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Happy Friday and welcome to On The Money, your evening guide to everything related to your bills, your bank account and your results. Subscribe here: thehill.com/newsletter-inscription.

Today’s big deal: The September jobs report showed a labor market still struggling with a resurgent pandemic. We’ll also look at the implications of yesterday’s debt ceiling deal.

But first, find out why Elon muskElon Reeve MuskElon Musk Announces Telsa Headquarters Relocation to Texas Why Electric F-150s Won’t Help the Climate The Russian Film Crew Beats Tom Cruise in Race to Shoot First Space Movie MORE is move to texas.

For The Hill, I’m Sylvan Lane. Email me at [email protected] or @SylvanLane. You can reach my colleagues from the Finance team Naomi Jagoda at [email protected] or @NJagoda and Aris Folley at [email protected] Where @ArisFolley.

Let’s go.

Five takeaways from the employment slowdown in September

The delta variant push continued to weigh on the economy in September, with the United States adding just 194,000 jobs last month. While the unemployment rate fell sharply from 5.2% to 4.8%, this is largely due to maintaining the size of the workforce.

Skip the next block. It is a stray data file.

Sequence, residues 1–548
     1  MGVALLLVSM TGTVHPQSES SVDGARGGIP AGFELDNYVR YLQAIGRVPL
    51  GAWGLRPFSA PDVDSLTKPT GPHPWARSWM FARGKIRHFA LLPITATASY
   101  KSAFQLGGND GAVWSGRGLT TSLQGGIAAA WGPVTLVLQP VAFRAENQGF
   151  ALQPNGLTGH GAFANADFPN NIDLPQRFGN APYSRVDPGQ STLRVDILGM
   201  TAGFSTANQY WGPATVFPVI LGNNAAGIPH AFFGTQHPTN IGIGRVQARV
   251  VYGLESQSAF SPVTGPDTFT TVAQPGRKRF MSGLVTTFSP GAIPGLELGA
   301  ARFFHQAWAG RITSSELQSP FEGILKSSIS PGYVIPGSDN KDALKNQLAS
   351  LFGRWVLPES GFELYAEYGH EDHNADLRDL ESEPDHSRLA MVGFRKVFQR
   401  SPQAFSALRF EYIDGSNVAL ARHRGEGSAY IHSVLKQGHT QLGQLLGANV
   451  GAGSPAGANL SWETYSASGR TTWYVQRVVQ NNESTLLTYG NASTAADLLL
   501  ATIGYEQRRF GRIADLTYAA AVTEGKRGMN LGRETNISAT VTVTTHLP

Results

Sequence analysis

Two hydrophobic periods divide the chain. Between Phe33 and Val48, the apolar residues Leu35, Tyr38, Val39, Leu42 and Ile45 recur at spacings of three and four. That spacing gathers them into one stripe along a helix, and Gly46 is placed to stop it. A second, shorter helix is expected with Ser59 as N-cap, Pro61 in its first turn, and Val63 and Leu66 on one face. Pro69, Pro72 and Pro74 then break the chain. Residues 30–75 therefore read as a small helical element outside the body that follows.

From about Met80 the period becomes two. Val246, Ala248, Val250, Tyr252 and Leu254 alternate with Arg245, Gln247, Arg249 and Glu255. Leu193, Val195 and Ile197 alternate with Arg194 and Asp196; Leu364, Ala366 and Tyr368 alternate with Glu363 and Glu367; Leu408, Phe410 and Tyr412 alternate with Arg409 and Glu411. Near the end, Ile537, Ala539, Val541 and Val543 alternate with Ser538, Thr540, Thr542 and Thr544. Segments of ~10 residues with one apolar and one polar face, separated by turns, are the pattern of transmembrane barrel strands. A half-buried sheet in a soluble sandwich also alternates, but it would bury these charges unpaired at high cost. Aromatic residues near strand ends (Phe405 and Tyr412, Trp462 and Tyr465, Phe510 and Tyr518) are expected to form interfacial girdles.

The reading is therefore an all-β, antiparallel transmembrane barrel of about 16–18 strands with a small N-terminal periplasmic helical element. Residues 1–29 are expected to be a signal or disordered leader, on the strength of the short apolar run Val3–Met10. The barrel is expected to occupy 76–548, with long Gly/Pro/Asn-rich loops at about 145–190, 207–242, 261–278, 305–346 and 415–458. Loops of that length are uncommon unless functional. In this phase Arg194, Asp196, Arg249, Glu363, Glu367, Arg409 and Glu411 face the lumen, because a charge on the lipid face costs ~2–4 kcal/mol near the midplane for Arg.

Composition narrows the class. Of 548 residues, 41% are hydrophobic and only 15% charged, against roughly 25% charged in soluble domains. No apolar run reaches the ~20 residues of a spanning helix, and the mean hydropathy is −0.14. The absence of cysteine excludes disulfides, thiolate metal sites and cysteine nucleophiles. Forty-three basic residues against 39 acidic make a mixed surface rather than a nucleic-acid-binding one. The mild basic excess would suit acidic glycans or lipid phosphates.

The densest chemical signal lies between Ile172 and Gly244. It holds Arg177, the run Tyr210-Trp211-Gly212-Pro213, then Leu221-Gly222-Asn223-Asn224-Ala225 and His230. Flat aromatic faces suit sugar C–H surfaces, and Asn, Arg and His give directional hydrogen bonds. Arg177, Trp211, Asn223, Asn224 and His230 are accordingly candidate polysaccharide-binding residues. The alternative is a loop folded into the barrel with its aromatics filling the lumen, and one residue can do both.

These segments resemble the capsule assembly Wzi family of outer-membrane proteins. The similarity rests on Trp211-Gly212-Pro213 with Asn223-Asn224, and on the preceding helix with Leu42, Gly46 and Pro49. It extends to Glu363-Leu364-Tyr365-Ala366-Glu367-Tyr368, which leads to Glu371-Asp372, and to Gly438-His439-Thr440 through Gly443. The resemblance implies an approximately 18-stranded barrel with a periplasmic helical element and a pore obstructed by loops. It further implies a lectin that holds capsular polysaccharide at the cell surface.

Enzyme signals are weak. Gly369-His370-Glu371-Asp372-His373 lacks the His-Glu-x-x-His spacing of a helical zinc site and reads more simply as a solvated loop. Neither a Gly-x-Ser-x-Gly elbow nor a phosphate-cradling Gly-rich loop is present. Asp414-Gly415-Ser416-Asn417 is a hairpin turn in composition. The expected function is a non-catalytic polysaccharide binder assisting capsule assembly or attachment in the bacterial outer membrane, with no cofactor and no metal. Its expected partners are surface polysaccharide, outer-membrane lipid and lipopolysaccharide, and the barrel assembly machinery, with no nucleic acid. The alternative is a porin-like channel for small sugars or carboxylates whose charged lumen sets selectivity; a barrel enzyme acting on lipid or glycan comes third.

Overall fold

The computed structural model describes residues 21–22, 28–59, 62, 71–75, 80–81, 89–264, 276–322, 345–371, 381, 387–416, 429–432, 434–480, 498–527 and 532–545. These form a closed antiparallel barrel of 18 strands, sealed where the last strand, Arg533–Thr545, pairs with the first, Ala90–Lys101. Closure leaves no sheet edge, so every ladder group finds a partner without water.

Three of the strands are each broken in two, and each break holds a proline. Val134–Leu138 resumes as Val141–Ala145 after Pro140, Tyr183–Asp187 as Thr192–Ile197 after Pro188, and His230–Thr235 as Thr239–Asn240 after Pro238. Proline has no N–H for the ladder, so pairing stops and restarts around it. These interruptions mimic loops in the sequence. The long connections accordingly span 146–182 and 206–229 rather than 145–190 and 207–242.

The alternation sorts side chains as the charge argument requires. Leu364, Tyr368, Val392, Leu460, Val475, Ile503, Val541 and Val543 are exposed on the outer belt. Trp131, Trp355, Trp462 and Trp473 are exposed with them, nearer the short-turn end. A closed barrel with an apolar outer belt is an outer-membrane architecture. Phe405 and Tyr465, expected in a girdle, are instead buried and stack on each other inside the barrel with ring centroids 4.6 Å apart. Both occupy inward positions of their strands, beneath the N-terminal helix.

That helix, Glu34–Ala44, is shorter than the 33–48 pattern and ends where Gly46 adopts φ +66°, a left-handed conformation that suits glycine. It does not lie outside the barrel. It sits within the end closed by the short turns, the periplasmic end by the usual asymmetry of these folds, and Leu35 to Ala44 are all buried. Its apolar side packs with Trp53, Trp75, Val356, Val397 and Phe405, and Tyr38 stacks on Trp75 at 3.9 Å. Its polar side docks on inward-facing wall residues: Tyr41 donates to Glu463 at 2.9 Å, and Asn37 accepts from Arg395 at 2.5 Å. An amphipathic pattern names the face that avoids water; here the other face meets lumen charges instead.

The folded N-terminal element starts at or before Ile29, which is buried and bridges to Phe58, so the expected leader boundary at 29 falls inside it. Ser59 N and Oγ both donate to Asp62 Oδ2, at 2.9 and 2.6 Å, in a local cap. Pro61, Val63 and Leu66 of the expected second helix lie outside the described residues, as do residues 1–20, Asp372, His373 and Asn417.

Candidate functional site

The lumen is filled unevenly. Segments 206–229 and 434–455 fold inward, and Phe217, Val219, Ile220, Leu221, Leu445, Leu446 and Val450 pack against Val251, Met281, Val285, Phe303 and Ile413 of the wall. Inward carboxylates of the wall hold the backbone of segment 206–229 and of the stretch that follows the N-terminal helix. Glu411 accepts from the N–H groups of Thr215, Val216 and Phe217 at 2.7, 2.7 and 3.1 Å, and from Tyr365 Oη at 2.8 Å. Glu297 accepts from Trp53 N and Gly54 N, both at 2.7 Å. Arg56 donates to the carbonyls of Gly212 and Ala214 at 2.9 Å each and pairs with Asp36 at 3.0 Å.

Economists expected a gain of around 500,000 after a very disappointing August report, but saw little relief as consumer confidence, school closures and health problems limited the labor market.

Economists hope the September jobs report, based on surveys conducted shortly before the delta’s upward peak, marks the worst of the slowdown. President BidenJoe BidenArkansas lawmakers introduce bill to ban companies from requiring vaccine status from workers Senate approves increase in short-term debt ceiling also touted signs of ‘constant progress, “ expressing confidence in an October turnaround.